West Virginia University Press is the only university press, and the largest publisher of any kind, in the state of West Virginia. A part of West Virginia University, they publish books and scholarly journals by authors around the world, with a particular emphasis on Appalachian studies, history, higher education, the social sciences, and interdisciplinary books about energy, environment, and resources. They also publish works of fiction and creative nonfiction, and collaborate on innovative digital publications, notably West Virginia History: An Open Access Reader.
THE IMPACT OF MOUTAINTOP REMOVAL SURFACE COAL MINING ON SOUTHERN WEST VIRGINIA COMMUNITIES
Coal is West Virginia’s bread and butter. For more than a century, West Virginia has answered the energy call of the nation—and the world—by mining and exporting its coal. In 2004, West Virginia’s coal industry provided almost forty thousand jobs directly related to coal, and it contributed $3.5 billion to the state’s gross annual product. And in the same year, West Virginia led the nation in coal exports, shipping over 50 million tons of coal to twenty-three countries. Coal has made millionaires of some and paupers of many. For generations of honest, hard-working West Virginians, coal has put food on tables, built homes, and sent students to college. But coal has also maimed, debilitated, and killed.
Bringing Down the Mountains provides insight into how mountaintop removal has affected the people and the land of southern West Virginia. It examines the mechanization of the mining industry and the power relationships between coal interests, politicians, and the average citizen. Shirley Stewart Burns holds a BS in news-editorial journalism, a master’s degree in social work, and a PhD in history with an Appalachian focus, from West Virginia University. A native of Wyoming County in the southern West Virginia coalfields and the daughter of an underground coal miner, she has a passionate interest in the communities, environment, and histories of the southern West Virginia coalfields. She lives in Charleston, West Virginia.
"SUMERIAN, HOMERIC, ANGLO-SAXON"
"BEOWULF,LAW, AND THEMAKING OF GERMANIC ANTIQUITY"
"THE FIRST CENTURY, 1790-1890"
American Bridge Patents: The First Century (1790-1890), thoroughly illustrated with dozens of photographs and reproductions, presents the findings of a two-decade long study of several thousand pages of patent documents collected from the U.S. Patent Office. The essays in this volume offer readers tremendous insight into the creativity that characterized the evolution of bridge patents during this important and formative period of American engineering history. Of particular interest to the authors is the great variety of innovative and unusual designs that were accommodated by the then ambiguous patent law. Alongside these case studies, authors also address the Patent Office itself, whose processes regarding permissions were reformed in 1836, linking the evolution of patent law to the technology it managed.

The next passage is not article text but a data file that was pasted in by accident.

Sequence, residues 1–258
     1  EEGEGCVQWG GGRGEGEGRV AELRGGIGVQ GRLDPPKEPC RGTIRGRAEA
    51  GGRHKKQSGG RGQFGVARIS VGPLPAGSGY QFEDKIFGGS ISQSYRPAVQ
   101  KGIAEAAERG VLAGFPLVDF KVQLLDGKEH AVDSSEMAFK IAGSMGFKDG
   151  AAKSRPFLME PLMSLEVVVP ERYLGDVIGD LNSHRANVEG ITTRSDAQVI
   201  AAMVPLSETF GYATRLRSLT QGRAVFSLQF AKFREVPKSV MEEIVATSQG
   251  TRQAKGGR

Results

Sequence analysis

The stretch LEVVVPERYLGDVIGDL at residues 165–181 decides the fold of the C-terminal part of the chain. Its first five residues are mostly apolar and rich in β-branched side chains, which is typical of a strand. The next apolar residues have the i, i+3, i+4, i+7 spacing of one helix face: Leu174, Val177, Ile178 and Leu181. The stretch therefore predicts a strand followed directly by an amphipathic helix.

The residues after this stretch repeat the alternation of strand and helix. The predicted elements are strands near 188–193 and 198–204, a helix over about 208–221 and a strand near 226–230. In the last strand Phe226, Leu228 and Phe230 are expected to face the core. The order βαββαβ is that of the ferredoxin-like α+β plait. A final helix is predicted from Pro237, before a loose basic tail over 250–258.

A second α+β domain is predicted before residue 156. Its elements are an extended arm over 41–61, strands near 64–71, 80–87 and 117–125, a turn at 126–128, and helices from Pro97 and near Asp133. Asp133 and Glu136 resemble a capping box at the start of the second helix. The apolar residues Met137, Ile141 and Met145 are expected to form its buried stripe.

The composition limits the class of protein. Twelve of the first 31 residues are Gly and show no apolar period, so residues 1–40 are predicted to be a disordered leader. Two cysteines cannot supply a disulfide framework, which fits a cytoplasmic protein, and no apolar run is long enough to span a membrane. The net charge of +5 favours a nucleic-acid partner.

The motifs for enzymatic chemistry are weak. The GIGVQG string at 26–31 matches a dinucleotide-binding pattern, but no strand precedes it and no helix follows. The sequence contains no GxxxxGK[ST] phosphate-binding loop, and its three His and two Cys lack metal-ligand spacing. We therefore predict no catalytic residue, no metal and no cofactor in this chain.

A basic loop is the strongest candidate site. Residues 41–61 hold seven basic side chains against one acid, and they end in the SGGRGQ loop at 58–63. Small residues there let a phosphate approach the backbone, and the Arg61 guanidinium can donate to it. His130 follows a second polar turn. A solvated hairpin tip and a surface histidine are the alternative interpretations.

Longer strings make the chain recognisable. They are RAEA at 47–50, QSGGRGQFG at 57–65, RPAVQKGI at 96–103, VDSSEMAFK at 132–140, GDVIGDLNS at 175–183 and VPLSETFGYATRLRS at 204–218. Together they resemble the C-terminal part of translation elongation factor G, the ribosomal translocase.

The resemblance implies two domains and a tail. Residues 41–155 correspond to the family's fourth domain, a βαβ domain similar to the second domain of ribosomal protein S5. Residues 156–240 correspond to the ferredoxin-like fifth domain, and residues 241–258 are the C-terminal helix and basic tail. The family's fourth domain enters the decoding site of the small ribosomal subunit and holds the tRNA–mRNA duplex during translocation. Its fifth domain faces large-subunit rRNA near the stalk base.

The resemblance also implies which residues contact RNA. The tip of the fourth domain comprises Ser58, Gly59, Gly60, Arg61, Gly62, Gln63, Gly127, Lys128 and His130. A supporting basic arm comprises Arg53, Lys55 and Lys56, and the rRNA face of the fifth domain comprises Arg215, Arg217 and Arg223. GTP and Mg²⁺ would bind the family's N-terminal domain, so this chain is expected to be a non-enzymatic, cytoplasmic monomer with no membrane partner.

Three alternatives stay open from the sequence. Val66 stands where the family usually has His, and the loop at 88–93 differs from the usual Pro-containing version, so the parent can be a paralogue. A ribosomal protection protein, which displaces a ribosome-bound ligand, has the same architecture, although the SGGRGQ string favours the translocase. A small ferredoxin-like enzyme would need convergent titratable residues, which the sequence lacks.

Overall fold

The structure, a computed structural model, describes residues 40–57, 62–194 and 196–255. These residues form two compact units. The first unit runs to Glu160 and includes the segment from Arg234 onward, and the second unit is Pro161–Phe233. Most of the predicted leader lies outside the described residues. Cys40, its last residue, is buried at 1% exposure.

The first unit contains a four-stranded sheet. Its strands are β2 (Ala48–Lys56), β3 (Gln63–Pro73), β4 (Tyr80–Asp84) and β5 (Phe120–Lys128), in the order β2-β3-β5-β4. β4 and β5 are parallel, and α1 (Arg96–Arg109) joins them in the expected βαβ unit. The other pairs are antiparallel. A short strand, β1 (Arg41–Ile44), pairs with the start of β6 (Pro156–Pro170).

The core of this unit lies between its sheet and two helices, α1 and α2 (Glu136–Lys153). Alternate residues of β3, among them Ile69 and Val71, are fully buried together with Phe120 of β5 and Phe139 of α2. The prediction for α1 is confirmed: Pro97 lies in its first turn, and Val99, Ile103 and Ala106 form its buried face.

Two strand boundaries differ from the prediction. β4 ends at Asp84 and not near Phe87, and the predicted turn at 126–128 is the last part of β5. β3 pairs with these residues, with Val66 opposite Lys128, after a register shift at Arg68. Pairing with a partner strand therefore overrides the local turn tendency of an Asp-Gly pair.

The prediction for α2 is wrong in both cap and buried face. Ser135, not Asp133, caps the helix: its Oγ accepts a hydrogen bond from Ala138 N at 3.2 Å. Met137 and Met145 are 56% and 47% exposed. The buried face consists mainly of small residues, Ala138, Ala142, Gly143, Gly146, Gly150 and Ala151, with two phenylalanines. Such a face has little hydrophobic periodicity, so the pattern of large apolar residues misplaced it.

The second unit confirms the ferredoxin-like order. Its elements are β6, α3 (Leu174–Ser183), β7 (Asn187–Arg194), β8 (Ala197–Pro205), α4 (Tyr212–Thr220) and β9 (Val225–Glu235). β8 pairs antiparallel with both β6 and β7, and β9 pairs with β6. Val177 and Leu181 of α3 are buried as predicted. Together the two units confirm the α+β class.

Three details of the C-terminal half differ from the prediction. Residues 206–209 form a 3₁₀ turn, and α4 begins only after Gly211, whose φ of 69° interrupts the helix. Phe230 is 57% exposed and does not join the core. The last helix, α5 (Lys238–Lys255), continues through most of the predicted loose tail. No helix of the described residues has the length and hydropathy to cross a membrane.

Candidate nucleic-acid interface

THE LIFE AND WORK OF AN AMERICAN MODERNIST
Blanche Lazzell went from Maidsville, West Virginia, to the leading edge of twentieth-century American art. A member of the prominent art communities of Paris and Provincetown, MA during the '20s and '30s, Lazzell was always on the fringe of important developments in the modern art world. Her studies in Paris led her to adopt the techniques of modernism as well as other emerging styles. Among her groundbreaking works were some of the first examples of abstraction in America. Blanche Lazzell: The Life and Work of an American Modernist is a significant contribution to the history of twentieth-century American art.
Know primarily as a Provincetown printmaker, Lazzell’s full life and career are presented here, generously accompanied by color reproductions of her work, showing the breadth of her accomplishment in painting, printmaking, and hooked rugs. Lazzell's true contribution to American art history was never fully appreciated during her lifetime. A renewed interest in the artist has developed over the past fifteen years, due mostly to the critical appreciation of her color wood block prints. She is worth remembering not only for her own work, but also for her role as a translator of the achievements of the European modernists for her colleagues in America. In Blanche Lazzell: The Life and Work of an American Modernist, nine essays and hundreds of full-color illustrations bring this incredibly talented and influential artist's work to life.
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